Two articles on Alzheimer’s Reading Room ran the last couple of days deserve your reading. To me they talk to each other and to all of us in the Alzheimer’s Disease (AD) Circle.
1. My Buddy Max Wallack, Puzzles to Remember
2. Having Greater Purpose In Life Associated With A Reduced Risk Of Alzheimer's Disease
(Click on these articles in hypertext to go to them on my Archive or click on the hypertext’d Reading Room above and find them there along with a lot of other good comments).
The first article speaks a common theme seen on my blog; it speaks of puzzles, stimulating the brain. It speaks about a young man seeing this and doing something about it as he cares for his “Great Grammy” who has Alzheimer’s Disease (AD)
I quote the following paragraphs from the article. It tells what the rest of the article is about:
Max learned that puzzles and similar artistic activities can slow down the progression of Alzheimer's disease and dementia. Some research indicates that such activities can be as effective as medication in helping this patient population.
Other people are starting to understand that art improves the life of persons suffering from Alzheimer's. Max understood this from his observations. I call this Bunk House Logic. Max is a real cowboy. When Max goes into his bunk house look out world.
I find the bottom line is here. We can spend all of our time raising money so the drug companies can find a cure, the search for which they have spent untold amount of money with no great success these past 20 years.
We can put half of that effort in finding economical ways of caring for people with AD. I wonder what break through would occur and improvement in quality of life would be obtained.
Max Wallack, a thirteen year old kid is having great success doing this. The results have such an impact. Without these kind of innovations in treatment we in AD would be consigned to that lonely limbo ours that we live between the doctor telling us take this and come back in a year, we do, he says the same thing again. As this keeps occurring we crawl further back into the back closet and do our best to close our systems down.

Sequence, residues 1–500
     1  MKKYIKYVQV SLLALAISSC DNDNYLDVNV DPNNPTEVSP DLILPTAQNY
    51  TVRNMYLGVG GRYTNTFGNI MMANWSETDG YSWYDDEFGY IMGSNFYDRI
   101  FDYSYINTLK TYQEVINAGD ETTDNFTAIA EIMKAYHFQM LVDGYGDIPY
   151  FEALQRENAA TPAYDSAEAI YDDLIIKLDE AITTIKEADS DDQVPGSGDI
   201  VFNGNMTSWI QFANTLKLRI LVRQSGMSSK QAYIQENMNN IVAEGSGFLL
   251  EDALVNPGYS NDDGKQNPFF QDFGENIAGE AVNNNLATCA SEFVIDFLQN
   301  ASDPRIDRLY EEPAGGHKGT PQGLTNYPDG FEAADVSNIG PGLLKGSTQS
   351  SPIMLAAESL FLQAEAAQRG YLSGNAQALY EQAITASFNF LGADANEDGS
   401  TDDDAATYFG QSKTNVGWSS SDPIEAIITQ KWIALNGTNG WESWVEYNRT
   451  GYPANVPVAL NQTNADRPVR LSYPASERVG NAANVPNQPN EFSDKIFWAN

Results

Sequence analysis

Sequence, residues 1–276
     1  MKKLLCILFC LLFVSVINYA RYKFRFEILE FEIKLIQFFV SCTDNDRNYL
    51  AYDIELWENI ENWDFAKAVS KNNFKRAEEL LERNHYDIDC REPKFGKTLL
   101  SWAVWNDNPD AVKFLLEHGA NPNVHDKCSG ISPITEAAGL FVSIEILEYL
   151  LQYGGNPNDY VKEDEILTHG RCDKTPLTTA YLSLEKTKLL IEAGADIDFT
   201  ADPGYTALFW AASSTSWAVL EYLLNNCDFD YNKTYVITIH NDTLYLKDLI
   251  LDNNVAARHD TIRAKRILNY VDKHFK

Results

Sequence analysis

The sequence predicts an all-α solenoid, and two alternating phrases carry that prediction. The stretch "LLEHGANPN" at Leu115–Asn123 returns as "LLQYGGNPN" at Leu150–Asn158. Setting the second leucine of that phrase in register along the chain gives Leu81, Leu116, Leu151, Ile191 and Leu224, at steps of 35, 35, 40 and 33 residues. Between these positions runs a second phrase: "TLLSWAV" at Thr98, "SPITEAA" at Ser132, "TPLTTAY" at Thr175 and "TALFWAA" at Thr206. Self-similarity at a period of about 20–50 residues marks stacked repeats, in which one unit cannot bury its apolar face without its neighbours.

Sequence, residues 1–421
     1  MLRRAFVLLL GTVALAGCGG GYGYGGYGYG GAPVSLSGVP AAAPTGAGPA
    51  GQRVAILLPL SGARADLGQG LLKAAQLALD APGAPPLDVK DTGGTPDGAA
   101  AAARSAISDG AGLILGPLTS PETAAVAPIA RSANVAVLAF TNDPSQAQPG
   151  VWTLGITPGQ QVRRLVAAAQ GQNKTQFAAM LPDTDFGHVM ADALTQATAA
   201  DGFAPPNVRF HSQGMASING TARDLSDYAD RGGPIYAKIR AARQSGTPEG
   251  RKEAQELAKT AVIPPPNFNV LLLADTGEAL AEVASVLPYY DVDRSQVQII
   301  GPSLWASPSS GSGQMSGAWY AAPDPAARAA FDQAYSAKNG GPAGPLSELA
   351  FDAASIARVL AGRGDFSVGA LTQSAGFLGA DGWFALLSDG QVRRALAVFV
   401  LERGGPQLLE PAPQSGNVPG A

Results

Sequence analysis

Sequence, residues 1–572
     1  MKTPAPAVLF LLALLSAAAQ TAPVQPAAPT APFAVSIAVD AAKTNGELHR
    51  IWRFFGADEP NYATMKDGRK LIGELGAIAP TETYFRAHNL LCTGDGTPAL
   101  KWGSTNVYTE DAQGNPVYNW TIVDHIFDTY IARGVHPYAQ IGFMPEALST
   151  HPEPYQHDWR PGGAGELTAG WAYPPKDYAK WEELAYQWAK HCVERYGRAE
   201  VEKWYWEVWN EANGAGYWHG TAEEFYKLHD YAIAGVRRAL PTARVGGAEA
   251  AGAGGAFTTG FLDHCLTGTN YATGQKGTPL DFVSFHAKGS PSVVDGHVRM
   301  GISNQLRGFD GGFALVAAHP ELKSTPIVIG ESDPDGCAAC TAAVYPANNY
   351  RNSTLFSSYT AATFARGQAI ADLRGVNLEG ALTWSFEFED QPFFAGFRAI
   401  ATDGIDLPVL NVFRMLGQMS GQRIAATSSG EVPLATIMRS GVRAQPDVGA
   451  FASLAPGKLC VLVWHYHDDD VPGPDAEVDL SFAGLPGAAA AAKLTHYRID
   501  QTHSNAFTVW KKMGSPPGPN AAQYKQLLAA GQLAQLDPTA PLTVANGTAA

More Max’s out there might result in out having a better quality of life, stem our decline, and keep us off the institutional cost rolls longer
The second article states:
Alzheimer's disease is one of the most dreaded consequences of aging, and the identification of modifiable factors associated with the risk of Alzheimer's disease is a top public health priority for the 21st century, particularly given the large and rapidly increasing aging population
It goes on to say:
…greater purpose in life was associated with a substantially reduced risk of developing Alzheimer's disease, as well as a reduced risk of mild cognitive impairment and a slower rate of cognitive decline.
It speaks of the need to have purpose in life even in the face of AD you may not
feel it. The first sense after diagnoses is: “They pulled the plug, it is all over, might just as well sit around until I’m standing in the corner drooling, talking to my self and wondering were the hell I am!
That is a choice many of us make and there is little good reason not to. We get named, then stereotyped, then shunned. In varying degrees family, friends, and community step back and start a program of overlook. They don’t know what to do with us, what this disease is really, so they do nothing; they just step away, all of a sudden they are gone!
There is life after AD and we need help in finding it. All the effort now is to get medication which will help others not get what we got. But guys, we got it and we need help!
Having purpose is one of the top reasons to maintain cognizance and quality of life to go with that. This can be secured by programs that stimulate, that bring people together, that recognizes the new paradigm we find ourselves is and help us make the best of things in it.
I found purpose turning it over and deciding I am going to write about AD until people get tired of reading me. Well, folks keep reading, their number keeps growing and comments left are wonderful in their accolades.
Able to share what it is like, and just maybe, help someone else, that is what makes having this rotten disease worthwhile.
We need the common effort to open the door I found to open to allow others in to find the benefits of putting their disease to purpose for their benefit.